Tag Archives: Volkswagen

The Human Connection

One of the keys to successful communication is establishing a personal connection with your audience. When you have it, you will never lose their attention or miss out on the opportunity to establish a relationship.

At the start of any new campaign, we ask ourselves how we can connect with our audience on an emotional level that will be engaging enough to get them to actively consider the products/services we are advertising.

There are many ways to establish this connection.  One of the ways commonly used in consumer products campaigns is to use childhood experiences to evoke a “warm and fuzzy” feeling about your youth. Volkswagen has recently launched a TV campaign focusing on the favorite childhood road trip game “Slug Bug.” Unlike other car commercials, Volkswagen didn’t mention fuel efficiency, horsepower, commitment to safety, or other pressing issues other automotive brands have “responded” to this year. They simply used a well-known game to positively promote the many different Volkswagen models that are available for purchase.

The Food & Beverage category is another good example.  When was the last time you dunked your Oreo cookie into a glass full of milk? Can you remember your inspiration or how you even came up with such a phenomenal idea to mix milk and cookies? Nabisco has been using the “milk and cookie” message as part of their communication for years. Which came first, the ad or the idea?  And Kellogg won’t hesitate to recall how you used to listen to your favorite cereal before you ate it.

And while B2B campaigns mostly focus on rational and logical business reasons to select their product over their competition, some B2B campaigns are beginning to connect with audiences through emotional reasoning as well. AirTran Airways now offers Wi-Fi on all AirTran flights. To promote this feature as a benefit to passengers flying for business reasons, AirTran’s new TV campaign utilizes the excitement that employees feel when they are told of available birthday cake in the conference room.

Each of these brands used visual stimuli paired with familiar experiences to establish an emotional connection. Using this format to connect to their audience may influence a positive perception about their products and their brand overall. Still need more? Ask any father who shares his favorite game with his children and see if they don’t look back on that experience fondly.

No matter which industry you may categorize yourself in, or to whom you are attempting to sell, there are emotional triggers that you can tap to make your marketing more powerful.  Work to find this connection and incorporate it into your campaign strategy, and see what that does, not only to your unaided awareness, but to the success metrics of your campaign.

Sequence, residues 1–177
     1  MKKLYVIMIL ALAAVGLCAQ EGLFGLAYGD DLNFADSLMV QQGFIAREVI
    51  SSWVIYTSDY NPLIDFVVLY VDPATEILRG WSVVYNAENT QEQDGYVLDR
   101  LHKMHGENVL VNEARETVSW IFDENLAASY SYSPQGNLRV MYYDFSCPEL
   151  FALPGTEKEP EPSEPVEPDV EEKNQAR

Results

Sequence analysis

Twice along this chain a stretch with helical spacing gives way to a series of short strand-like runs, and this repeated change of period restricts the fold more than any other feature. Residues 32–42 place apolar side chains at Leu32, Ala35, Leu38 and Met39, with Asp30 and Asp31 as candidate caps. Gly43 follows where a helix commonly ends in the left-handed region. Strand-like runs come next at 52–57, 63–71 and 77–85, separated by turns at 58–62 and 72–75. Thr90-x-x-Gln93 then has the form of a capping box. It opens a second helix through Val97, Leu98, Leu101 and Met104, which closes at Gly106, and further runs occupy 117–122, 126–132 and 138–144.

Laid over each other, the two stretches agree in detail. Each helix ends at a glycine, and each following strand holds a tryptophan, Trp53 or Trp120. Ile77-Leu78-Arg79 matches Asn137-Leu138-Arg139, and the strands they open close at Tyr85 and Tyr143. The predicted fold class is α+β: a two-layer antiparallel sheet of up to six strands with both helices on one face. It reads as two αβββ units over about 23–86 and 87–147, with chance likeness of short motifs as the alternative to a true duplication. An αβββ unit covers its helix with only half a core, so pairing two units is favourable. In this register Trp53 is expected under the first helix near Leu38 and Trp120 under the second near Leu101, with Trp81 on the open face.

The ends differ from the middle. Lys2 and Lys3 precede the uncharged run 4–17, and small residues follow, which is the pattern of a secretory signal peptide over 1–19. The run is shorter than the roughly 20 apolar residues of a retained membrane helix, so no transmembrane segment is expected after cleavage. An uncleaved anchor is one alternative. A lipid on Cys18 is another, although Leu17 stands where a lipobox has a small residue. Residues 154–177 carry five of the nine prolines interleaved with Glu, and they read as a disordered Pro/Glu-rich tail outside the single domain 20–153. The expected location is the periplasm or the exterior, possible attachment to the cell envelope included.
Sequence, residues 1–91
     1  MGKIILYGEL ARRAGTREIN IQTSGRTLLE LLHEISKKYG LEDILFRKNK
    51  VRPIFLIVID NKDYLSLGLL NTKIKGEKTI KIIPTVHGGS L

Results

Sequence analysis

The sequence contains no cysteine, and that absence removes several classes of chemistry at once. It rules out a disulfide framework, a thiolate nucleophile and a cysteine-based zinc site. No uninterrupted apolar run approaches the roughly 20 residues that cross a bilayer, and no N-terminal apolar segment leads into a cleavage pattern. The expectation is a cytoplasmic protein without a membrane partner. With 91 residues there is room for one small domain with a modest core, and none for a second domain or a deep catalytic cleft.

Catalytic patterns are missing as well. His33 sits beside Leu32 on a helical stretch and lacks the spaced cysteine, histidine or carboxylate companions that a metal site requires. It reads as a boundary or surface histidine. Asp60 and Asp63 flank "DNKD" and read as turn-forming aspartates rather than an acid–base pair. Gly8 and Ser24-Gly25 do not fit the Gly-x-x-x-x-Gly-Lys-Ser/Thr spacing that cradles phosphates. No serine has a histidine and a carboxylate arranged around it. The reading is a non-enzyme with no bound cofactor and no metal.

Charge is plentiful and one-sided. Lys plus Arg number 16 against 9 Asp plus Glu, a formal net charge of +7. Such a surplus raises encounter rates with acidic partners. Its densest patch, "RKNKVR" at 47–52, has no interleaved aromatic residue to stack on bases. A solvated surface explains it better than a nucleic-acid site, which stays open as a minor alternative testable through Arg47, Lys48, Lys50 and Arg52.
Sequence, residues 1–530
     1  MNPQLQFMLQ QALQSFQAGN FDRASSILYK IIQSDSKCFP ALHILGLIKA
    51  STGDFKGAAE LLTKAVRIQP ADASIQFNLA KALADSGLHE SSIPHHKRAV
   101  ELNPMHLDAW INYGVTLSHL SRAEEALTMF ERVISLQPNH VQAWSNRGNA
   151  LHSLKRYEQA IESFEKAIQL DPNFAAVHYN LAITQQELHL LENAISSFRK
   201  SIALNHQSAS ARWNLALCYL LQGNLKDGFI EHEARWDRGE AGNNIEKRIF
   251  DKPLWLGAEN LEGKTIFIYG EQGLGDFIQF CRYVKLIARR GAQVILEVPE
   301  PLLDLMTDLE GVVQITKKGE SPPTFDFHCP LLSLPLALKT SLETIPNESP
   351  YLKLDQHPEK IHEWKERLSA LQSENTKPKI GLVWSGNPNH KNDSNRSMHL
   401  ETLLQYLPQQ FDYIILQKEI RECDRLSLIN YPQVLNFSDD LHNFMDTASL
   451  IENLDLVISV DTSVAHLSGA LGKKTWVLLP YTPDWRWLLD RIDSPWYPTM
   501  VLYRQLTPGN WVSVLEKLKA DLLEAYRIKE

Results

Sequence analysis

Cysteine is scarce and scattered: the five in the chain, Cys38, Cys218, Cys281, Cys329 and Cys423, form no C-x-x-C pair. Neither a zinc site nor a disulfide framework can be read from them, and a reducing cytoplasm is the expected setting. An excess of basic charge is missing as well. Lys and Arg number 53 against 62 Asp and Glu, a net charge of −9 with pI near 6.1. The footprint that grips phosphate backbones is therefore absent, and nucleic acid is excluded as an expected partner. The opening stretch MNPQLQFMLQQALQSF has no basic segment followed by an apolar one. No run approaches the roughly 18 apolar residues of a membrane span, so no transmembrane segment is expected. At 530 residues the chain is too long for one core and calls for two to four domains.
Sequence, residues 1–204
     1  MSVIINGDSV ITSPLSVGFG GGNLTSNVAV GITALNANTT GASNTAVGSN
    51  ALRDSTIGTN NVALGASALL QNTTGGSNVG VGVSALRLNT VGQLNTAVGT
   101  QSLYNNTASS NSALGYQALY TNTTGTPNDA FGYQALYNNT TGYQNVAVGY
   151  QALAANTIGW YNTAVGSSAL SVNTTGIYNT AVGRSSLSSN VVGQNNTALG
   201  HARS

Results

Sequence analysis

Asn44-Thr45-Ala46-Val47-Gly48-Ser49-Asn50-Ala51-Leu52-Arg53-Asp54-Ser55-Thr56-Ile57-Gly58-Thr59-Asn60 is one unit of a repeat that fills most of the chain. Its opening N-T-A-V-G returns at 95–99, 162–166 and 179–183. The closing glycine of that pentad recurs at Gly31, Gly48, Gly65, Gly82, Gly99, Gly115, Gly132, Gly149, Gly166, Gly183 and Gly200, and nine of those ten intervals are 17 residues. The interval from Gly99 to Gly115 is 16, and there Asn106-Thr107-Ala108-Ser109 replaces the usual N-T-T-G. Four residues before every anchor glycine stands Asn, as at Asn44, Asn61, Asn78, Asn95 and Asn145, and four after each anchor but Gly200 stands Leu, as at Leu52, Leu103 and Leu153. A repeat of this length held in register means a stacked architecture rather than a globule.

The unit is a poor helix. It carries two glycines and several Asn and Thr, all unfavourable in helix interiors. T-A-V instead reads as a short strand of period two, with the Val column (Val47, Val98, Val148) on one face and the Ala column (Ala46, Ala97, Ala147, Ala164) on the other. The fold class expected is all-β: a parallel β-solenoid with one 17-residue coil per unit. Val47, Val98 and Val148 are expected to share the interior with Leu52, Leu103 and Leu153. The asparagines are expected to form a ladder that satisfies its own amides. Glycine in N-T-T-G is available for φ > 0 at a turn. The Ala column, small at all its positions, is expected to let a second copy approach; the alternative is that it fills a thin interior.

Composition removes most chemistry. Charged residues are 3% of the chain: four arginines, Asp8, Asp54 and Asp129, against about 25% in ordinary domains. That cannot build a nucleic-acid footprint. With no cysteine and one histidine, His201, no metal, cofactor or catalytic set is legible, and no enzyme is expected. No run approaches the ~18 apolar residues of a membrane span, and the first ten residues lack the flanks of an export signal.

— Jonathan Ginburg, Sr. Account Executive

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Representing your brand; do your research

One of the more popular urban legends is how the Chevrolet  Nova sold poorly in Spanish-speaking countries because “no va,” in Spanish, literally translates to “it does not go.” Despite whether or not this story is true, or really just a legend, the moral behind the story is still as relevant as ever. Poor representation of your brand will greatly affect your sales.

I was not as disappointed with the commercials during the 2010 Super Bowl as in previous years. I commented on the smart ones, chuckled at the funny ones, and made fun of the ones that just fell flat. However, one that I believe has poorly represented its brand was Audi.

When I watched the “green” Audi commercial the first time, I thought it to be a smart approach — tackling the eco-friendly automobile industry. However, it wasn’t until the following Monday where I was reminded that the “green police” was another name for Hitler’s Police during World War II. The Green police were at the heart of numerous deportations, ghetto-clearing operations, and massacres.

So I watched it again. And perhaps I am being too sensitive, but I found it incredibly distasteful. The way the police showed up at the store arresting the consumer on the counter for choosing a plastic bag, or taking someone out of their home for using the wrong kind of light bulbs – all while having a re-recorded version of Cheap Trick’s “Dream Police” as “Green Police” playing in the background. Was it not hypocritical to be wasting water by pouring it out of bottles simply because they were plastic? It just reminded me of the cruelty of the Nazis simply because they were in positions of power.

To make it even worse, Audi is a German company, owned by Volkswagen. I realize that the point wasn’t to make light of the Holocaust or even to try and emulate Hitler’s Police of the 1940s, but there is a much better way to portray your new eco-friendly, “green” automobile. How Audi approved such a concept is beyond me, but their ad agency should have done their research and been more sensitive.

All brands should be perceptive as to how to represent their brand. And German brands like Audi and Volkswagen, should know better than to associate with the “Green Police”  65 years after World War II. This misrepresentation is as bad as telling Spanish-speaking people that your vehicle simply “no va.”

— Jonathan Ginburg, Account Executive

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